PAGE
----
Notes from this morning’s Council Briefing

Several interesting notes on legislation being considered this week.

Council President Harrell noted that this afternoon the Council will be voting on a bill extending the deadline for rulemaking on last year’s ordinance to grant Uber drivers the right to unionize. In late July FAS asked for an extension to January, mainly because it couldn’t resolve the issue of who qualifies to vote on representation.  The Council didn’t like delaying it that long, and argued for a November extension instead. But Harrell now concedes that a January extension is justified and that is what will be voted on this afternoon.

Council member Bagshaw thanked everyone who participated in her committee’s hearing last week on the city’s homeless crisis response. She recognizes that she needs to tie in the city’s policy on unsanctioned encampments as well. She and her staff are making the rounds of Council members, city department heads, advocates, and homeless people to “figure out what’s important” as she moved forward the bill introduced last week to rewrite the rules on homeless encampment cleanups. She also noted that the resolution from the Mayor’s office on the East Duwamish Greenbelt Encampments, aka the “Jungle,” is also on the agenda for her committee. And in response to the news this morning that a drunk driver ran over and killed a homeless person in a greenbelt next to an I-5 offramp, Bagshaw said “no one is suggesting that people be allowed to sleep wherever they want to sleep.”

Council member O’Brien said that his Sustainability and Transportation Committee meets this Wednesday at noon, and will be discussion a resolution “charting a bold new course” for the city in electrifying its transportation system. He said the draft resolution makes electrification of the city-owned fleet of vehicles official city policy, signs on to the “half the oil” initiative io cut fossil fuel use 50% by 2035, and sets a goal to make 30% of the vehicles in the city’s fleet electric by 2030. It requests the city come back with an implementation plan in six months, including looking at how to put more charging stations around the city and how people without off-street parking in their homes will charge their cars.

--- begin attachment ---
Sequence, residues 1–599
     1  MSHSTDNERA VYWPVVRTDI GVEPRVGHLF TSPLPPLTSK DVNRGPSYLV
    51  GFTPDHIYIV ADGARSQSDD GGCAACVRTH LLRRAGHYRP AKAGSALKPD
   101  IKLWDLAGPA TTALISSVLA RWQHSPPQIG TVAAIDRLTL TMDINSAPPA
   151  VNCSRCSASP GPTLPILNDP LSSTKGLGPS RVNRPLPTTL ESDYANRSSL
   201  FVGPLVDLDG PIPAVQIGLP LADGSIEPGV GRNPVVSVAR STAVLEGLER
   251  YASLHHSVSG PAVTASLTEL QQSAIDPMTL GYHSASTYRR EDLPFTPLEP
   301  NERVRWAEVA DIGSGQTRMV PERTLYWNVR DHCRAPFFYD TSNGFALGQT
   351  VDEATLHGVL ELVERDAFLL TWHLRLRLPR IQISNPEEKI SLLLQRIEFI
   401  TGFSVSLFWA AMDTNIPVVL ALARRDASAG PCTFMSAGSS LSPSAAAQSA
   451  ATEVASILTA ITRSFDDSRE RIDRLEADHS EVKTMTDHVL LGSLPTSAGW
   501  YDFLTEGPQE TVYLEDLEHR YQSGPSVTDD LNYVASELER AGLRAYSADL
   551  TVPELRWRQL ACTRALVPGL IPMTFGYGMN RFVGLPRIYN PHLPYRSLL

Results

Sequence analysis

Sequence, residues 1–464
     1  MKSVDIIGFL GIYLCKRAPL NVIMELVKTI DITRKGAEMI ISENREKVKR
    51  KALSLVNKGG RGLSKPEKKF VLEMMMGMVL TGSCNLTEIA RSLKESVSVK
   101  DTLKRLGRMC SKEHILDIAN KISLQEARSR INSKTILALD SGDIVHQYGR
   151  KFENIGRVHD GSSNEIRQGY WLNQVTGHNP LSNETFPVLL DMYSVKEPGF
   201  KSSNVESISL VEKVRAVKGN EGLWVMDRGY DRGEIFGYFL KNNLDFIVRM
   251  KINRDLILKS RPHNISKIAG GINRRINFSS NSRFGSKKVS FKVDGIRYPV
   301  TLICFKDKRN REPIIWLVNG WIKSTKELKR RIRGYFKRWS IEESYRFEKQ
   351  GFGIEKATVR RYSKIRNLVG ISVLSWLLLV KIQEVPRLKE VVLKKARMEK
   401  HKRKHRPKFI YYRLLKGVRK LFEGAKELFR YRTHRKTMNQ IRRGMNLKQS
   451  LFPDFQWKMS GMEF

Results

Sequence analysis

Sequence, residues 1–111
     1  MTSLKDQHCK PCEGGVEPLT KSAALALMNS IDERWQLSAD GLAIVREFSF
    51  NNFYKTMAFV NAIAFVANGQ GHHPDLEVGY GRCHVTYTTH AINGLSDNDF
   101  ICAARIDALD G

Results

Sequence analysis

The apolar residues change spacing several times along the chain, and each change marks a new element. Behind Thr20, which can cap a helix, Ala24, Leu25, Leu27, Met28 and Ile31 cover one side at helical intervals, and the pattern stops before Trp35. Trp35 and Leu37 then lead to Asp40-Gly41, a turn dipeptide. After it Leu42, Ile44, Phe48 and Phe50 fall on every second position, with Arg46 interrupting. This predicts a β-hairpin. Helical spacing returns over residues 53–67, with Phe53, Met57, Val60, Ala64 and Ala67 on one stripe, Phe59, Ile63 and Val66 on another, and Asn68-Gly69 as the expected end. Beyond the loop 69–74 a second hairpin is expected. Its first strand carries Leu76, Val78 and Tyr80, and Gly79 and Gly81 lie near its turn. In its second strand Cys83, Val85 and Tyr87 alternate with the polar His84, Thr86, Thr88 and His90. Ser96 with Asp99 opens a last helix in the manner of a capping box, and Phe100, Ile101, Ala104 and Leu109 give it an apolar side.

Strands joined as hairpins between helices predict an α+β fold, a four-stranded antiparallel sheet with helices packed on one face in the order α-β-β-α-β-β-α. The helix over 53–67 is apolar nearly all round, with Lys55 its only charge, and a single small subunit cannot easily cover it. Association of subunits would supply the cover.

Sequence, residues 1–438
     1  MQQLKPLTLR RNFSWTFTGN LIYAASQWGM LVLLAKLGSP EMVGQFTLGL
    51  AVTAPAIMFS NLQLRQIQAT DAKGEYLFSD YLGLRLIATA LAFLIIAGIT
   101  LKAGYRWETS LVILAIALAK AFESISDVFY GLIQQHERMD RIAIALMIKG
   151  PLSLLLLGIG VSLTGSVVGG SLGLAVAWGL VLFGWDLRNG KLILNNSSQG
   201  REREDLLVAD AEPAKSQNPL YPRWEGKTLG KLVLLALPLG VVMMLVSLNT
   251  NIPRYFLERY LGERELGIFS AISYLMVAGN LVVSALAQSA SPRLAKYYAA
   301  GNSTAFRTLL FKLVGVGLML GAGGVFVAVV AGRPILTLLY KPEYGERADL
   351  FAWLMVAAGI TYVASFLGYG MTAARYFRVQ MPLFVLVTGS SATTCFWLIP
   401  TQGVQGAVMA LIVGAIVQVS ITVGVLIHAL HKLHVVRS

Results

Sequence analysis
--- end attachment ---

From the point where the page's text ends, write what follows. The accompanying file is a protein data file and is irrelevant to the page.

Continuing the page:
O’Brien’s committee will also take up the Freight Master Plan again, hoping to formally vote it out of committee for full Council approval next week.

Council member Juarez is introducing this afternoon a resolution, co-sponsored by Council member Sawant, supporting the Standing Rock Sioux tribe in their fight against the Dakota Access Pipeline. Juarez took several minutes to make heartfelt remarks about the importance of the Sioux tribe’s fight.

Juarez also noted that her Parks, Seattle Center, Libraries and Waterfront Committee meets on Friday, and will be considering the Parks Department’s “lengthy” community center strategic plan.

Council member Johnson said his Planning, Land Use and Zoning Committee will continue its consideration of the 2035 Comprehensive Plan. He also noted that University of Washington has filed paperwork for the update to its Major Institution Master Plan for the Seattle campus, and that will work its way through the Council’s quasi-judicial review process.

Council member Sawant noted her Energy and Environment Committee  meets this week and will take up Seattle City Light’s rate increases. She plans to vote against the rate increase, just as she voted against them in SCL’s strategic plan update earlier this summer.

Sawant also recounted her tour of the current North Precinct police station last Friday, for which she was accompanied by community activists and local media. Noting that after the 1998 floods sump pumps were installed which seem to be controlling further flooding, her conclusion was that there are no emergent problems with the building and no need for a new one to be built. Sawant’s office is organizing a September 22nd rally to continue the push to stop the project.

Council member Herbold’s Civil Rights, Utilities, Economic Development and Arts Committee meets tomorrow to finish up the secure scheduling ordinance. She mentioned that several Council members have offered additional amendments which will be considered. The CRUEDA committee also meets Friday, and will take up the appointment of Mami Hara as the new Director of Seattle Public Utilities.